ST. LOUIS, Mo. – Friday, November 16, the UM Board of Curators approved a major partnership with Cengage, one of the largest textbook publishers in the United States, in an effort to save students hundreds of dollars in textbook expenses for their 2019 classes.
“We’re fully engaged in battling the problem of student debt,” UM System President Mun Choi said. “This year, many of our students were able to go to college and pay less than they did last year, and we continue to look for cost savings. This new partnership with Cengage will help us continue to find ways to lower the cost of a high-quality college education.”
This partnership with Cengage means that students across the UM System will have unlimited access to more than 22,000 digital course materials through Cengage Unlimited, Cengage’s subscription service.
This subscription service is only approximately $50 each semester, opposed to costs that can exceed $300 for a single textbook, and includes eBooks, online homework access codes and study guides.
Students taking one or more courses that use Cengage materials will pay only $50 for the semester, regardless of the number of courses they are taking, potentially saving them hundreds of dollars in textbook expenses each year.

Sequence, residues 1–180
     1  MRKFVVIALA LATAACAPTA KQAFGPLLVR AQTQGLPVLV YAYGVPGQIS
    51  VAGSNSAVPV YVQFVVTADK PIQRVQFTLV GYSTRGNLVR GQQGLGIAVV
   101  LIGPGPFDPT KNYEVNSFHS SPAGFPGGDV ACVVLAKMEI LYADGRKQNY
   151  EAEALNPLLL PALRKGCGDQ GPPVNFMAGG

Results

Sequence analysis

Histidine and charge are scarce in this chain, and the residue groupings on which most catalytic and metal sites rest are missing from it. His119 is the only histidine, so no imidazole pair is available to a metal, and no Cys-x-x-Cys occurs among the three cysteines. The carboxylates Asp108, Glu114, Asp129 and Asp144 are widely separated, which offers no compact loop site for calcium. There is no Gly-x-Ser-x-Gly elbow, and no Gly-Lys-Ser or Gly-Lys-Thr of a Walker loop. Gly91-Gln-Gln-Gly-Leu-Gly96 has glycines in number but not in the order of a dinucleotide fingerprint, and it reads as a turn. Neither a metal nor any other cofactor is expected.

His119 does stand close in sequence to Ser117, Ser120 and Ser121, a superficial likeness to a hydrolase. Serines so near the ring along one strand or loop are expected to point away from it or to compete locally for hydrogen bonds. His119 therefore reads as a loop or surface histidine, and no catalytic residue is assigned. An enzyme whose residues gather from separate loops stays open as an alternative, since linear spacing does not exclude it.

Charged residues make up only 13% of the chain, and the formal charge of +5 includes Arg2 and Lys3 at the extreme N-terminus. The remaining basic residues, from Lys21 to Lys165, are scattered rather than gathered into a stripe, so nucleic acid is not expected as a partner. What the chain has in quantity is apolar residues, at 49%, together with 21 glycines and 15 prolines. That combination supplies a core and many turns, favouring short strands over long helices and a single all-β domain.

Officials estimate that approximately 40,000 UM students are taking courses that use materials published by Cengage and that more than 70 subjects across the four universities will be impacted.
“Paying for course materials is a top financial stressor for students, and we applaud the UM System for making these affordable resources available,” said Fernando Bleichmar, chief product officer at Cengage. “With Cengage Unlimited, faculty have another option to make a real impact on lowering student costs using our high-quality course materials. This agreement ensures students will have what they need on day one to be successful in class – without significant expense and stress to find course materials.”
Steve Graham, senior associate vice president for academic affairs, says this partnership will save their students a total of $3million each year.